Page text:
It has been a whirlwind since accepting my new position as Cottonwood Institute’s Program Director. Not only did I get to learn about our CI programming and meet the incredible staff, but I was able to attend educational sessions at Outdoor Retailer Snow Show 2020. As if that wasn’t exciting enough, the cherry on top of my week was going on a CAP Class day trip to Caribou Ranch Open Space with middle schoolers from the Angevine CAP Class. I had so much fun experiencing a CI winter excursion led by the wonderful Erin and Alex and was able to snowshoe for the first time ever! Talk about an amazing first week with CI. I feel right at home here at Cottonwood Institute and am excited to step into my new role.
Where did it all begin for me? Since I was a kid, my family exposed me to the outdoors and taught me to appreciate it fully. We went on annual camping trips up the CA coast, we visited Mt. Baldy during the winter to play in snow, and some summers we were able to road trip out of CA to explore new places, visit historical locations like Gettysburg, and stay at campgrounds along our route. I proudly became the designated tent builder for my grandparents and had that down to a science by the end of a trip. My grandparents also taught me how to cook delicious meals over a campfire (they don’t mess around when it comes to camping food). I acknowledge and appreciate my grandparents for passing down their love of the outdoors and adventuring to me and my family. They created a safe and encouraging environment for me to learn and develop my outdoor skills and feel a sense of belonging in nature no matter where we traveled.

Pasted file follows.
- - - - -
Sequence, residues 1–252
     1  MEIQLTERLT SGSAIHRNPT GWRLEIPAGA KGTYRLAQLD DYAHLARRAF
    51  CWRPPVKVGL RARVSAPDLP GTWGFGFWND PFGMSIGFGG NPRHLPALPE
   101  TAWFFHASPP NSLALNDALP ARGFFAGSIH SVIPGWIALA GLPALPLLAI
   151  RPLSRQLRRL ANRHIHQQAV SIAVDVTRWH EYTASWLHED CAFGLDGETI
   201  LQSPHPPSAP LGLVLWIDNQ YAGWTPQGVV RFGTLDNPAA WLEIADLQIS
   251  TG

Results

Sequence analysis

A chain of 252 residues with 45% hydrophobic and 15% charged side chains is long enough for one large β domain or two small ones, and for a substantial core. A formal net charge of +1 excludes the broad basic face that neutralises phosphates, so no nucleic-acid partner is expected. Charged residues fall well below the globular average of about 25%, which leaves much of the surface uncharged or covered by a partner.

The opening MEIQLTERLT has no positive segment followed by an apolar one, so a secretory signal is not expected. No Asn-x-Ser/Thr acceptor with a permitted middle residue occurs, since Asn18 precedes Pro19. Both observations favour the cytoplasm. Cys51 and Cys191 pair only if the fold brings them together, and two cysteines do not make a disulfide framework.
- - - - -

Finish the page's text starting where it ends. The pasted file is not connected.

Bringing it closer to home, the one place I spent most of my childhood was at Lincoln Park. This park was right across the street from our apartment and I explored every nook and cranny of it. I joined the swim team at Lincoln Park Pool when I was 7 and swam competitively for a decade (Go Otters!). I also attended Plaza de la Raza, a Cultural Center for the Arts and Education where I danced Folkorico (following my mom’s literal footsteps), took drama and art classes, and performed for my family and community. I also remember being part of several after-school youth programs that my dad led when he worked at the Lincoln Park Recreation Center. Lincoln Park was a place where I could play, explore, express myself, and gain new skills in the comfort of my community. Lincoln Park was and is a green sanctuary in the cement jungle of Los Angeles. I’m so lucky to have grown up in Lincoln Heights with access to this life-giving green space.
I have had so many unique and memorable experiences in nature both in the U.S. and abroad that shaped who I am today. I’ve learned that nature and our environment are part of us. Even growing up in a large city that would seem otherwise disconnected from wild nature, I explored the built and natural environment every chance I had. My connection and relationship with the environment gives me balance and respite when I need it most. This deep connection reminds me of my family and ancestors and everything they’ve done for me which fills me with gratitude. What I do and how I live has a ripple effect on my fellow humans, animals, and entire ecosystems. When I care for the environment, I care for myself, for my community, and I do my part to ensure earth’s survival for generations to come. My lived experiences and vision for a more just and equitable world brought me here to Cottonwood Institute. I recognize youth’s power to become stewards of our environment and to question harmful practices that continue today. Young people’s futures are directly tied to the health and longevity of this earth. I am dedicated to centering and amplifying diverse youth voices so we may vision a healthier future and work alongside one another to make it a reality.
Written by Katie Vega, CI Program Director